Welcome to today’s blog post. Every day, learning professionals try to find new ways to engage learners and make trainings more interesting to them. In this process, the current generation of learners stands as the most challenging target audiences. I’ve tried to understand the needs and tastes of these learners and had come out with an idea that can take our training programs a step closer to them. I had enquired quite a number of people about their likes and dislikes on current learning trends. Many of them expressed a common point that these courses lack personalization. I didn’t immediately understand what they meant. But, after going through some more details, here I am writing this post about how to add a personalization element to your course and make them believe that the course has been tailored specifically to suit their taste.
The multiple choice question (MCQ) is the most commonly used question type in eLearning. An instructional designer prefers MCQs over other question types as they can be scored rapidly and feedback can be given easily. It is an effective way to test a large number of learners, quickly and effectively.
Do you know on an average 3000 people get killed due to Fire accidents in the US every year? The NFPA estimates that 65,880 firefighter injuries have occurred in the line of duty in 2013, out of which 12,535 accidents took place at non-fire emergency incidents.
Here’s a scenario that is quite familiar to learners and designers alike; John, an employee in XYZ corporation, was asked to take an eLearning course as part of the company’s training requirements. John sat down enthusiastically in front of the computer and said to himself, “This must be fun.” He clicked the launch button of the course and started his training. Five minutes into the course, John went spiraling down into confusion with the amount of information that was being thrown on him and was frustrated and disappointed. John clicked the close button and went on to do his work.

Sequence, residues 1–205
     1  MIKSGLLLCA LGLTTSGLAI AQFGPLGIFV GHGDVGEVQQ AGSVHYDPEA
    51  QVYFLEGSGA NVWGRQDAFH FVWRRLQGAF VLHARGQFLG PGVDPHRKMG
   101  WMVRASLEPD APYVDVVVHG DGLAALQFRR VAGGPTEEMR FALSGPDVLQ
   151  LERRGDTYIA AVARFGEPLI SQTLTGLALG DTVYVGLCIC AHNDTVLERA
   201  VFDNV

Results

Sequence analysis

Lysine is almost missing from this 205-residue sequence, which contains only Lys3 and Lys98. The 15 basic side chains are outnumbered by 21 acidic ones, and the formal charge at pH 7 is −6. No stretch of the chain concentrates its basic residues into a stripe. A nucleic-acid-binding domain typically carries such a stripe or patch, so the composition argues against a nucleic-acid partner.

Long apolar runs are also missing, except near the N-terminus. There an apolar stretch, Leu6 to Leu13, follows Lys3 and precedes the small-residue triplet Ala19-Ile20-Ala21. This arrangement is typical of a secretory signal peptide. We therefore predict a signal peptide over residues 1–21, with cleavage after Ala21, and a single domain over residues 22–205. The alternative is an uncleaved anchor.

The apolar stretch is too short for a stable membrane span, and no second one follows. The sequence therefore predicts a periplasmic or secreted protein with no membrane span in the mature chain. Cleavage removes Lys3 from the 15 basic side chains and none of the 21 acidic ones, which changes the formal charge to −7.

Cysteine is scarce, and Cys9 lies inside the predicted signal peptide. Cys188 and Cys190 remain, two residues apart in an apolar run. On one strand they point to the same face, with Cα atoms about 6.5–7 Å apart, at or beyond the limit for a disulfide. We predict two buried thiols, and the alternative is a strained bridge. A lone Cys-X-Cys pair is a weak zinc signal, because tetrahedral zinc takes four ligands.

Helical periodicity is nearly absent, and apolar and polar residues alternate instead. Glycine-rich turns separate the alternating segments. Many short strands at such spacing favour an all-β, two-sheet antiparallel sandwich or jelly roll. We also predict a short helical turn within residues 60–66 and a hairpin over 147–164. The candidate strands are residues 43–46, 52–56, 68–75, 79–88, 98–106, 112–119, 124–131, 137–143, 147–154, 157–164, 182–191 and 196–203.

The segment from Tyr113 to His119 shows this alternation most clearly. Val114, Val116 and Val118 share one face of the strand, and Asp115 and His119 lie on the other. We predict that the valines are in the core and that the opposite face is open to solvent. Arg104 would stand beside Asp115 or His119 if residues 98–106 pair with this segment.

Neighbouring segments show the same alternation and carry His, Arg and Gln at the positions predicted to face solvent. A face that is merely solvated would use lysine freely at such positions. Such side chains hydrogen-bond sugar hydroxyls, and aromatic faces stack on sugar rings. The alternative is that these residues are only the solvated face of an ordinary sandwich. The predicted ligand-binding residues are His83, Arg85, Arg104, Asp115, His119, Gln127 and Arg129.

Online learning is not the next big thing, it is the now big thing. – Donna J. Abernathy
The online training medium can be used very effectively to equip your people with the needed knowledge and skills. According to a report released by IBM, companies who utilize e-Learning tools and strategies have the potential to boost productivity by up to 50%. For every $1 that a company spends, it’s estimated that it can receive $30 worth of productivity.
Young employees are not ready for the demands of the workplace. As per a survey conducted by the British Chambers of Commerce, 90% of school leavers and over 50% of graduates are not ready with skills required for employment. (Source: BBC)
It is a common knowledge that well-designed assessments go a long way in engaging learners in the online learning environment. They are used to reinforce learning as well as evaluate the learner’s comprehension of a course.
As we know, the human brain has the capability to hold a limited amount of data at a time.
Experimental psychologist George Miller found that “The Magic Number 7, plus or minus 2? Describes the number of ideas, facts, or issues that an average individual can hold in his working memory is 7 + 2. This is called the Rule of 7″.
We use various techniques to deliver effective training online. In this post, we will look at some learning methods which are used extensively in eLearning – scenarios, role plays, practice tests, testimonials and job-aids. These techniques help engage the learner very effectively. Let us now look at each.